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Silence Isn’t Always Golden, written by Dr. Yasi Safinya-Davies
Blog Series: Confronting Inequities in Our Field - July 30, 2020


There have been a few pivotal moments in my life when leaving was me taking back my power. The first time, I was 21 and finally left a violent relationship that started the summer before my junior year in high school. Most recently, I quietly departed from the DV movement. I hadn’t reflected on the significance of my soundless exit until May 26th when I read a CNN article about Amy Cooper, who exercised her white privilege to call the police with a fabricated story of being attacked by a Black man because he had the audacity to ask that she adhere to the Central Park rules and place her dog on a leash.

Memories of my time in the domestic violence movement began to spiral as I recalled countless disempowering episodes fueled by White Supremacy. As a person raised by an Iranian mother and Black dad, I felt nothing short of rage, and this rage compelled me to act. So, I decided to break my silence and tell just one of the stories, and that telling led to a loving request from the California Partnership to End Domestic Violence to share more.

In 2010, I met with the Executive Director and Program Manager of a domestic violence agency to negotiate a contract to provide mental health consultation services for staff working directly with survivors. After four years, I was hired on as the Director for the Clinical and Prevention programs and a year later was offered the position of Executive Director. I loved my work! Never before had I felt such belonging with my peers, and I was so honored to be in service to survivors. As I began to enter movement gatherings, words like “equity,” “trauma-informed,” and “intersectionality” were becoming en vogue. Discussions on how to advance the movement were grounded in radical Black Feminism like bell hooks’ work From Margin to Center (2nd ed. 2000). The surreptitious frustrations along with the expositional assertions of Black, Indigenous, and People of Color advocates were being voiced—the movement was a White space. And all of this energy informed and propelled the work within my organization. Of course anti-oppression needed to be at the core of the movement. It’s fundamental to our values. Right?    

During our 40-hour DV Counselor Certification training, we invited outside facilitators to lead future advocates in discussions on the intersectionality of Interpersonal Violence with other forms of oppression: race, gender, sexuality, age, ability. We launched a multi-year program in collaboration with other providers serving specific cultural communities to offer culturally responsive services which led to membership within a state-wide collaboration with other culturally-based organizations. After the 2016 presidential election, we started an internal committee open to any staff with a yearning to actively advance anti-oppression framing within the organization’s culture and practices. Collectively, we defined organizational values, among them social justice, boldness, and anti-oppression. And on and on.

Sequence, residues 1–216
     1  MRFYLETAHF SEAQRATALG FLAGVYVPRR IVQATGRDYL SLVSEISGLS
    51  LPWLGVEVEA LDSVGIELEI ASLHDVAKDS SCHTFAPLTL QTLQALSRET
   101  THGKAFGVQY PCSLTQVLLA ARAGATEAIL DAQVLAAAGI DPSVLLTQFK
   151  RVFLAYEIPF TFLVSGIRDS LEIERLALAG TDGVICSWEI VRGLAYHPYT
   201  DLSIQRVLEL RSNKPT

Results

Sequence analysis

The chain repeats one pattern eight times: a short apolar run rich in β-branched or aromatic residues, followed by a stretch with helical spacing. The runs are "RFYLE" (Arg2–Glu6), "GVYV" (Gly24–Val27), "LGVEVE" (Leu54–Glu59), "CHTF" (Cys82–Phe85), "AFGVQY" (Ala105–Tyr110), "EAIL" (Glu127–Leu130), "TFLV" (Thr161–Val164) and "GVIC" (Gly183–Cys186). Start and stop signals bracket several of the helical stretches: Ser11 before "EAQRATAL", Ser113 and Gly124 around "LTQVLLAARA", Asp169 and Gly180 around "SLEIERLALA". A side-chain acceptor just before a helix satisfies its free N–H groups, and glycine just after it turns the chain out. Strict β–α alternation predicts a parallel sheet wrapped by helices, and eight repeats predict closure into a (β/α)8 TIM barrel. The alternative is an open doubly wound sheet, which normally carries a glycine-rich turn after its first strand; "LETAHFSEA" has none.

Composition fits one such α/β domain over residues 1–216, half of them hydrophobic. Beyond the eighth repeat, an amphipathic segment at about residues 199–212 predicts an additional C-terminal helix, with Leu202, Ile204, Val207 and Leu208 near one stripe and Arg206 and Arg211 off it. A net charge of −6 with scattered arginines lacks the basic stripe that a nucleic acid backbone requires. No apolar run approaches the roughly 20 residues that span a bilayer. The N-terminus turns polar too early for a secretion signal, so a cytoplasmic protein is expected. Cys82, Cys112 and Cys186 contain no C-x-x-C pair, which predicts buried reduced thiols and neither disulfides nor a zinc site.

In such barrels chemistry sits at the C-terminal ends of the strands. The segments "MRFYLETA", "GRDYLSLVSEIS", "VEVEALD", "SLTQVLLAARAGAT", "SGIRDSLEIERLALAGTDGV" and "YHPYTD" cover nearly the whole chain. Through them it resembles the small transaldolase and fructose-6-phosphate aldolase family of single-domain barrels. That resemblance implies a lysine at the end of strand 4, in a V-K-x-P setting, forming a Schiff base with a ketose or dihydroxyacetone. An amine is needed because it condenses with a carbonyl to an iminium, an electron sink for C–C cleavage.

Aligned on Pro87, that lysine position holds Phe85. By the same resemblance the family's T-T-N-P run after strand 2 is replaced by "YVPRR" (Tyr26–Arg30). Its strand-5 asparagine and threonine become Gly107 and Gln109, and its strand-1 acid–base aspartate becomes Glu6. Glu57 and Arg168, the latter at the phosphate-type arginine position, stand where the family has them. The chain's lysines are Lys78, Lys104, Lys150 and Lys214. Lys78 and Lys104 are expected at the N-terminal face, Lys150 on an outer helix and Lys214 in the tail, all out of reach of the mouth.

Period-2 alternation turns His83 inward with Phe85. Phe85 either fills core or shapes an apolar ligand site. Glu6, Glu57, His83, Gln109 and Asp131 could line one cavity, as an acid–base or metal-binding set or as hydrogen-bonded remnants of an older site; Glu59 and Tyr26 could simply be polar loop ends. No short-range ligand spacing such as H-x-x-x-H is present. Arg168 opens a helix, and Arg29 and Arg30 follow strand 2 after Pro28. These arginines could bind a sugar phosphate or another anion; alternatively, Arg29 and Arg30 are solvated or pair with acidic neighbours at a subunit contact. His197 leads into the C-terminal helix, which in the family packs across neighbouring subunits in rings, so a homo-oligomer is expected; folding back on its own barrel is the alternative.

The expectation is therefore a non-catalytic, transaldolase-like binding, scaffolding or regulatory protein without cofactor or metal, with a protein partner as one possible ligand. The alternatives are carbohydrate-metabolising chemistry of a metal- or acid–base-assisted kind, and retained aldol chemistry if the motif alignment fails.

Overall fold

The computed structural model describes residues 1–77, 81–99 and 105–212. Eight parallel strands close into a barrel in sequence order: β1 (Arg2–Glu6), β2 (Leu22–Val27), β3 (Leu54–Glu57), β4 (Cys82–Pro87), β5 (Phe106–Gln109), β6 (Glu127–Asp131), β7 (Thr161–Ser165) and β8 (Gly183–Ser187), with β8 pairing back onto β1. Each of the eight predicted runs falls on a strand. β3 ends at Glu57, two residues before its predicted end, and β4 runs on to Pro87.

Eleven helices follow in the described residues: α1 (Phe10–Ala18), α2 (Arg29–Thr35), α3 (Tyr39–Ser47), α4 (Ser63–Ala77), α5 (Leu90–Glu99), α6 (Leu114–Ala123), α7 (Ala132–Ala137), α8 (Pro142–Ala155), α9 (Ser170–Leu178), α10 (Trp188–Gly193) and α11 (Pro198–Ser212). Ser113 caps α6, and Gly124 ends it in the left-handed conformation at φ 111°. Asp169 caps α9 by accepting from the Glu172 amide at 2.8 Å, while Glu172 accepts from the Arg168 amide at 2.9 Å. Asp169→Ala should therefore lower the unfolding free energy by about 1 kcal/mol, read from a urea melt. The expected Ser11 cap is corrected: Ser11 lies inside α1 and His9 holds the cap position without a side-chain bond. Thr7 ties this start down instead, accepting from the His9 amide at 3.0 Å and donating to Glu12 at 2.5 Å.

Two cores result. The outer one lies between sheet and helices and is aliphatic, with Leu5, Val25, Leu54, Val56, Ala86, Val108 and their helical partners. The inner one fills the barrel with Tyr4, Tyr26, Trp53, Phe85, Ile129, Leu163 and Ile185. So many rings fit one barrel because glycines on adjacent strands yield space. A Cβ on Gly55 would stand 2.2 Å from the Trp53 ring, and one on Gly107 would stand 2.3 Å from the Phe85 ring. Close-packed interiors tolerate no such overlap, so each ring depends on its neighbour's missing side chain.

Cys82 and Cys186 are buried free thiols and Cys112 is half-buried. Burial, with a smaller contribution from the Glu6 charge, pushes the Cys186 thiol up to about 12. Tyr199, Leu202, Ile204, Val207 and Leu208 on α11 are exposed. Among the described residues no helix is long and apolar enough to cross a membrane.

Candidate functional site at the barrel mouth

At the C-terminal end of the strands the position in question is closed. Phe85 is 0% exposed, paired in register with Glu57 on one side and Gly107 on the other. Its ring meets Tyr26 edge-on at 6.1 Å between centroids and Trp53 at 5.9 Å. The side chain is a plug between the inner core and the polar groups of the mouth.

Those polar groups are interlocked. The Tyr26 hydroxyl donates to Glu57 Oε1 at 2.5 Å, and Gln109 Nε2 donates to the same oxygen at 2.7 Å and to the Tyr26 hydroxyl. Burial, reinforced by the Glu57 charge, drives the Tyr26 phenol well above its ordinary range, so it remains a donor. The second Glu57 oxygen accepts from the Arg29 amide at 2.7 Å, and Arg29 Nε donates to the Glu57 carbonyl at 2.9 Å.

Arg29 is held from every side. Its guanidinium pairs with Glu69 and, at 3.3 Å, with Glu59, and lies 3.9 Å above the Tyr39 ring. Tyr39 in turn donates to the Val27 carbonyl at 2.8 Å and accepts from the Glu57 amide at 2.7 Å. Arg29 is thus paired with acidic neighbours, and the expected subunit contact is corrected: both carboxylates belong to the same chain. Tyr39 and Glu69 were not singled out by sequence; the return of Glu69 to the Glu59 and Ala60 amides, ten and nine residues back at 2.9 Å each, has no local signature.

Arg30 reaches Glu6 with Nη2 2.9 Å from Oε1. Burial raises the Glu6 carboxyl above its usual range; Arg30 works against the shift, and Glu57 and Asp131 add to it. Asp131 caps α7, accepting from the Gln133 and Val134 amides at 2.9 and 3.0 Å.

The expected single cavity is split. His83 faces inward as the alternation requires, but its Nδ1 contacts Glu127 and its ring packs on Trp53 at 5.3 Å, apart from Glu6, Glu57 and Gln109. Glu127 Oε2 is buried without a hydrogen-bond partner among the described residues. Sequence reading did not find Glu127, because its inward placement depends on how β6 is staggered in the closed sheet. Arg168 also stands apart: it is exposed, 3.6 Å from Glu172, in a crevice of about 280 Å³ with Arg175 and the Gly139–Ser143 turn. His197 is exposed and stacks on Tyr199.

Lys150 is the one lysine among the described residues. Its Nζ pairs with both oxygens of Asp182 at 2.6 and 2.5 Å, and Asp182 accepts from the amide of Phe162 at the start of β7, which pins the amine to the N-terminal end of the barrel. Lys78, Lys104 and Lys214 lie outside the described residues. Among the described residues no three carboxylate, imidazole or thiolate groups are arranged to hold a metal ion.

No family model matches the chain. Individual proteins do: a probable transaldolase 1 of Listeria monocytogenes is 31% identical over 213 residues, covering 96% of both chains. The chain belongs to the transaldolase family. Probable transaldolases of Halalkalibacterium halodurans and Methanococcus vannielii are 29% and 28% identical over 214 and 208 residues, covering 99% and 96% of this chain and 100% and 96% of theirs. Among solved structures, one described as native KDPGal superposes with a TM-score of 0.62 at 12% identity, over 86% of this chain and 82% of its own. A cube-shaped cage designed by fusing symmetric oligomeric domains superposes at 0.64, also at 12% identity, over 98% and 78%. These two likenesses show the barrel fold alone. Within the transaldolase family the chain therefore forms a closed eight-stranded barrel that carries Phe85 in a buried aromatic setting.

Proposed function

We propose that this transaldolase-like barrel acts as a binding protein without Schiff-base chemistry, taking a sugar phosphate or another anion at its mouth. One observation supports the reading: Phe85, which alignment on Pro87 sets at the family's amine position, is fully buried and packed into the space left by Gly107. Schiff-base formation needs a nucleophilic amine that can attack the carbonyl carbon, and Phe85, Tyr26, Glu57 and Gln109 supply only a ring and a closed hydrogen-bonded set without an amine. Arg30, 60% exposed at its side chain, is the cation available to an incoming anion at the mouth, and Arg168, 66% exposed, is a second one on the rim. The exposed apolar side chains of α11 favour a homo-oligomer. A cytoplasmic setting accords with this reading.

But anti-racism (or any anti-oppression work) is only transformative when descendants of White colonizers gifted with power and privilege are brave enough to examine how they benefit from the system and acknowledge when they have acted as the oppressor. Simultaneously, the people who repeatedly experience interpersonal and systemic domination and oppression must not only be believed but must also do their own examination of how they have internalized their oppression. In other words, the work of ending domestic violence can only be achieved if the movement simultaneously strives to end ALL forms of oppression.   

Despite our best efforts, our organization was never going to fully live its values because there existed an immovable force, the Board of Directors. The Board was majority White, and among those who were White, most were (or had been) part of the “justice” system. From the first time I sat at the Board table, I witnessed and experienced the silent codes of white supremacy and patriarchy.  As the years passed, I began to dread the Board room. I knew that the oppressive culture of the Board meant the values of the organization, indeed the values of the movement, would never be fully actualized and this began to eat away at me. Yet, I questioned if I was actually experiencing any harm. “Is it really that bad?” I would ask myself. Did they really have that much power over me? How much evidence, how many examples, did I need to trust that harm was occurring and that systemic racism was alive and well on the Board?